Will African-Americans and Puerto Ricans Work Together to Change the Political Landscape In Florida?

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USA -SEPTEMBER 30: A group of people hold flags and shout slogans as they stage a demonstration in front of Trump Tower to protest against US President Donald Trump on the grounds that not giving enough importance to provide support aid to Hurricane Maria victims in Puerto Rico, on September 30, 2017
(Photo by Bilgin Sasmaz/Anadolu Agency/Getty Images)

More than 100,000 Puerto Ricans have departed Puerto Rico for Florida after two monstrous Atlantic hurricanes struck their beleaguered Caribbean island during hurricane season. On Sept. 6, 2017, Hurricane Irma left 1 million Puerto Rican residents without electricity, even though the Category 5 storm delivered a glancing blow to the island. Two weeks later a powerful Category 4 disturbance, Hurricane Maria, scored a direct hit on Puerto Rico.

By the first week of November, more than 139,000 Puerto Ricans had departed the battered island for the Sunshine State, the office of Republican Florida Gov. Rick Scott reported. That number could grow to 750,000 over the next four years, according to Luis Martinez-Fernandez, a University of Central Florida professor who teaches Puerto Rican culture and society.

Most of the new Floridians gravitated to the Orlando metropolitan statistical area (MSA), a development likely to have long-term political ramifications in a state that helped put Donald Trump in the White House and has had a Republican-dominated Legislature since 1996. Puerto Ricans on the mainland have been part of the Democratic bloc of voters.

Trump won Florida by a little more than 100,000 votes in 2016 over his Democratic opponent. If the current trend holds and close to a million voters do move to Florida from Puerto Rico holding a continued grudge against the Republicans and the President for what is believed to be a mismanaged relief effort could impact both state and national elections in a major way. Politically, thanks to the steady flow of Puerto Ricans into Florida, “this is a blue state, man!” notes Kevin T. Collins, editor-in-chief of The Orlando Times. “It turned blue the second Irma hit and forty-five (President Trump) did not respond properly.”

More immediately, the rising numbers of Puerto Ricans coming into the Orlando area have established a scenario where Black and Puerto Rican residents are increasingly vying for housing, employment and public education opportunities. The mix of the different cultures can potentially be a great benefit to both groups or it can lead to possible new competition between groups fighting for limited resources.

“I can’t really say there’s going to be friction because there were so many Puerto Ricans here already,” says Black Orlandoan Frazier West, a retired law enforcement officer from Maryland. “The Puerto Ricans and Latinos outnumber us maybe five to one.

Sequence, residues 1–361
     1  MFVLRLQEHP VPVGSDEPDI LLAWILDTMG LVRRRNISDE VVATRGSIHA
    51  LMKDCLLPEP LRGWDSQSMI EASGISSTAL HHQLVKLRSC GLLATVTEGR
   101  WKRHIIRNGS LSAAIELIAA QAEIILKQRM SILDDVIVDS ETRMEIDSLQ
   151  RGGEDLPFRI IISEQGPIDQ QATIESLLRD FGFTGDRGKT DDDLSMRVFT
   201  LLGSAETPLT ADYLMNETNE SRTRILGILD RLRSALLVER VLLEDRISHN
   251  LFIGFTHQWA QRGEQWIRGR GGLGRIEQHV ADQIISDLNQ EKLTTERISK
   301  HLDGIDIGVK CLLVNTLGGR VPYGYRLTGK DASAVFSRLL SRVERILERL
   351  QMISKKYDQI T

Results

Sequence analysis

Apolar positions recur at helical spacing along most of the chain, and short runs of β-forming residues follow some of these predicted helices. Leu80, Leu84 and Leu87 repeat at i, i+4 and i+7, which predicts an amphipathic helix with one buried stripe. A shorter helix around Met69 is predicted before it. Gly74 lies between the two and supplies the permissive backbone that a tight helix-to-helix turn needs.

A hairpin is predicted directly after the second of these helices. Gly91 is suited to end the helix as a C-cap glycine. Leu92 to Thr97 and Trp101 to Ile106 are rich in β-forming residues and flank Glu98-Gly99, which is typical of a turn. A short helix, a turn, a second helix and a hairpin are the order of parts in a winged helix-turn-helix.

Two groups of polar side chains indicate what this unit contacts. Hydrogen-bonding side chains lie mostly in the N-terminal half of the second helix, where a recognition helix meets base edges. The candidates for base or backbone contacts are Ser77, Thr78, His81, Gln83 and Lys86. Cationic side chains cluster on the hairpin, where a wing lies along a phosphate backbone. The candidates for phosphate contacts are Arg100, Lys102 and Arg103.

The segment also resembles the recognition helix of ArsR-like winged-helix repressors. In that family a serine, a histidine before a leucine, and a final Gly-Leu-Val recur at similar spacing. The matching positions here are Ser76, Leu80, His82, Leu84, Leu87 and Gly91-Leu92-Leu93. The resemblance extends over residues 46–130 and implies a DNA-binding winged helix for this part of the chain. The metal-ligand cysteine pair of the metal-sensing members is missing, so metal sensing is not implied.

“Just on my block alone there are more Puerto Rican families, which is not a bad thing because we’re pretty cool,” West says. “They’re not who voted for Trump.” In West’s opinion, the influx of Puerto Rico will remain a non-issue because “there’s no unity among Blacks here. It’s just dog eat dog, everybody for himself.”

Prior to Puerto Rico’s post-hurricane exodus, the U.S. Census Bureau data put the population in Orlando MSA at 2,376,000 people in 2016, with Blacks accounting for 16.1 percent and Hispanics — a group that includes Puerto Ricans — at 28.7 percent.

“Thankfully, we have not had any instances of culture-on-culture clashes,” notes Collins.  “Actually, I’m seeing the opposite — the Hispanic American Chamber of Commerce and the African-American Chamber of Commerce are doing joint projects.” Collins lauds Blacks and Puerto Ricans for taking a measured approach to Orlando’s dramatic ethnic transformation. “We’ve been talking about how the divide and conquer” routine is not a factor.

If tensions ever do arise, Collins guesses housing might be a potential flashpoint. He says apartments that were formerly $900 a month now fetch $1,300, and three-bedroom Orlando dwellings are becoming increasingly hard to find. “What used to be considered affordable housing is now considered middle-income housing,” Collins observes. “There’s no new building going on.”

Orlando entrepreneur and broadcaster Danny Ramos also characterizes the vibe the Black and Puerto Rican communities as “very cohesive, very positive. The Puerto Rican community and the Black community have always worked together politically to support candidates they both agree on,” says Ramos, who produces an English-language “Hispanic Achiever” program that appears in the Orlando TV market. “I see more friction between Puerto Ricans and Puerto Ricans, than between Puerto Ricans and Blacks,” Ramos laughs.

“There’s a social sensitivity between those two communities because of common denominators,” Ramos explains. “Both communities have very strong common social issues and political issues. The Black community has supported Puerto Rican politicians and the Puerto Rican community has supported Black politicians.”

“From an educational standpoint, Puerto Rican parents are going to need teachers to teach their children, and a lot of them don’t speak English. So they’re going to need Spanish-speaking teachers,” says Black Orlando resident Stella Lewis, who’s been in the city 28 years after having lived in New Jersey and Maine.

“I think a lot of the jobs that Blacks would normally occupy, those jobs are going to go to Puerto Ricans. They’re working the jobs even if they have to take a lower hourly rate.

“I’m not saying we can’t work, together,” Lewis cautions. “The Puerto Ricans I come in contact with, I like. Still, I think there may be some resentment on the part of the Blacks that these people are coming in and taking over.”

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